Chapter 2: Regional ‘Worlds’ of Production: Learning and Innovation in the Technology Districts of France, Italy and the USA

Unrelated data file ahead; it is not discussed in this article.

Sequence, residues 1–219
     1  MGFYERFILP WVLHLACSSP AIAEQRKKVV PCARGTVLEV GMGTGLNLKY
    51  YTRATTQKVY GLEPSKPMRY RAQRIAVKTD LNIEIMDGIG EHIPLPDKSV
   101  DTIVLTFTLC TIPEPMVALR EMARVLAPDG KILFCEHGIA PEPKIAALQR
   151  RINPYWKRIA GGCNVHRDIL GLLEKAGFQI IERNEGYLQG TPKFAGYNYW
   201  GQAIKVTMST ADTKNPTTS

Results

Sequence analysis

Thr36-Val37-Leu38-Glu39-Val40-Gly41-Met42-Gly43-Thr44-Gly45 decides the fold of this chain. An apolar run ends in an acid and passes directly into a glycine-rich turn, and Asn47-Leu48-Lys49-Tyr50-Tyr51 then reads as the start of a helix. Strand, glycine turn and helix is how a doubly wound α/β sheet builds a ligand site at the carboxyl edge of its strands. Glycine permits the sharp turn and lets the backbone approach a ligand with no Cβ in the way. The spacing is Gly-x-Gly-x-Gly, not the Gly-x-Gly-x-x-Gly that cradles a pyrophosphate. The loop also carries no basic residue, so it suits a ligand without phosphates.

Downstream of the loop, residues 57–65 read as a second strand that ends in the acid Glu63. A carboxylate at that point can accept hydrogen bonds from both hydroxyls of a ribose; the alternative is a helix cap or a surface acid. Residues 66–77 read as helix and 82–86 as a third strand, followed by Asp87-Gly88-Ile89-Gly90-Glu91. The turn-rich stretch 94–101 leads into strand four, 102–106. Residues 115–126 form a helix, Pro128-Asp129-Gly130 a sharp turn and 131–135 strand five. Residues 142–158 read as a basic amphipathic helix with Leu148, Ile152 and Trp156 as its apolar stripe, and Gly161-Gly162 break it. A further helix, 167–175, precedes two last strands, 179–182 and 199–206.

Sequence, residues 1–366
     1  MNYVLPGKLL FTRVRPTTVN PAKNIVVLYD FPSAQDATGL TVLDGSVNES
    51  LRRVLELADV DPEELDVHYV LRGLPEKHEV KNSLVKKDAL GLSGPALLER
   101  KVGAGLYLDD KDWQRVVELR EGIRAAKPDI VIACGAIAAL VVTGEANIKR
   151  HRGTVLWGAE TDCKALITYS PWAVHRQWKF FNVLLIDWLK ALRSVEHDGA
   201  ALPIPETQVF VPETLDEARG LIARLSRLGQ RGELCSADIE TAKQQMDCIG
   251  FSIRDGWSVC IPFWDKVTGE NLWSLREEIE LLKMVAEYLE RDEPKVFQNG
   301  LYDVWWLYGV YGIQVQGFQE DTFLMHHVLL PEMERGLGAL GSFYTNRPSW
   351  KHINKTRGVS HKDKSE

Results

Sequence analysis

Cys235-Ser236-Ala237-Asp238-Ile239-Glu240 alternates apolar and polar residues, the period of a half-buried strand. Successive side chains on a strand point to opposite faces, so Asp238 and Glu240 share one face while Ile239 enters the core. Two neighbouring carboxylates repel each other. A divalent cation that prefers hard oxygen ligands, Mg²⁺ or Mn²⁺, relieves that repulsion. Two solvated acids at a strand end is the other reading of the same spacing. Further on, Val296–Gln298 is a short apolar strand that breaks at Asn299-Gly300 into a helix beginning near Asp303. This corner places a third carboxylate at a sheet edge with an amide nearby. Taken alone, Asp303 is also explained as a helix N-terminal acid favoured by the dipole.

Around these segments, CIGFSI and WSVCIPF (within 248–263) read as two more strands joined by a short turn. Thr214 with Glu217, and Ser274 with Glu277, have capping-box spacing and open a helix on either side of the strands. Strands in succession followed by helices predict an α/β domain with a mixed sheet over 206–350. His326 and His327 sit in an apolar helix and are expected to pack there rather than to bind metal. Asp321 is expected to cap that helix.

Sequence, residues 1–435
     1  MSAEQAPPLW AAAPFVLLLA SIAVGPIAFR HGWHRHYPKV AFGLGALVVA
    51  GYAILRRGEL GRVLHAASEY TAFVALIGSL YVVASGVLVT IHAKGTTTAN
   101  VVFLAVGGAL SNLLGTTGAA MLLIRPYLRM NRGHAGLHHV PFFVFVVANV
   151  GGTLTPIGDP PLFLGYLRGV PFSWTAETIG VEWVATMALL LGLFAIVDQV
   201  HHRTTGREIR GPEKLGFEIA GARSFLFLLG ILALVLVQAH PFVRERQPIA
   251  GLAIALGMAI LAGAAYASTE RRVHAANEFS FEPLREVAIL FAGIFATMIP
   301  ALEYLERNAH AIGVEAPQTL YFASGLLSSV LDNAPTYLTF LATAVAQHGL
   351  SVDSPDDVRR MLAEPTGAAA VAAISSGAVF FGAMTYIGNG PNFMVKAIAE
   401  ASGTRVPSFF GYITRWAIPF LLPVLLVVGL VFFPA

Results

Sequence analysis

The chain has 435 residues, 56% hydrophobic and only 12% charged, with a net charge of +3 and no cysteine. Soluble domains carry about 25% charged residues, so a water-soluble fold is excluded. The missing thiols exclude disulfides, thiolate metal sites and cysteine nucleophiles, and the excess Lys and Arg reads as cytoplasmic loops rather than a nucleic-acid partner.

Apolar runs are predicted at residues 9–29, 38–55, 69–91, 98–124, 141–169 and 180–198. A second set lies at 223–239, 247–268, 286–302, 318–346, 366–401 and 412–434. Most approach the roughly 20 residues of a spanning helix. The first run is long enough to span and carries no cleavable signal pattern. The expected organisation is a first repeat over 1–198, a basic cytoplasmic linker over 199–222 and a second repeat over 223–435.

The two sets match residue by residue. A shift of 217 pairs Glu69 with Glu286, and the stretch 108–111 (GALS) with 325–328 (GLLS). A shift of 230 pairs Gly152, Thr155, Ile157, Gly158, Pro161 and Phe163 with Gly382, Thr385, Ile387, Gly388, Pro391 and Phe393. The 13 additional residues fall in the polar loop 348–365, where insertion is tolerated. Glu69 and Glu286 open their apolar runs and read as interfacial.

Michael Storper A NEW ERA OF COMPETITION There is now widespread agreement that the forms of production organization which characterized the most dynamic industries of the post-war period in the advanced economies, i.e. mass production in the consumer durables sectors and their associated capital goods, are no longer as central to economic growth, change and capital accumulation as they once were. The social science literatures are replete with tales of the restructuring of the Chandlerian–Galbraithian ﬁrm, the spread of programmable technologies, the shortening of product cycles, the deepening of contracting and subcontracting relations, the revival of the role of small and mediumsized units of production, and the emphasis on quality as much as on price in competition (Piore and Sabel, 1984; Becattini, 1987; Sabel, 1989; Best, 1990; Sengenberger and Loveman, 1990; Hirst and Zeitlin, 1992). There is an emerging consensus that the most advanced competitive standard in the evolving system of open global markets is that of continuous technological change (Amendola and Gaﬀard, 1990; Amsden, 1990; Best, 1990). There is also evidence of increasing specialization in world trade patterns as a result of uneven distribution of specialized technical skills and learning (Dosi et al., 1990; Gerstenberger, 1990; Porter, 1990; Guerrieri, 1992). Many of these technologically dynamic, export-oriented sectors are found in localized concentrations within their respective national territories: examples include the high technology zones of the USA, the strong concentration of mechanical engineering in southern Germany, the famous pockets of design-oriented production in northeast-central Italy, or the concentration...
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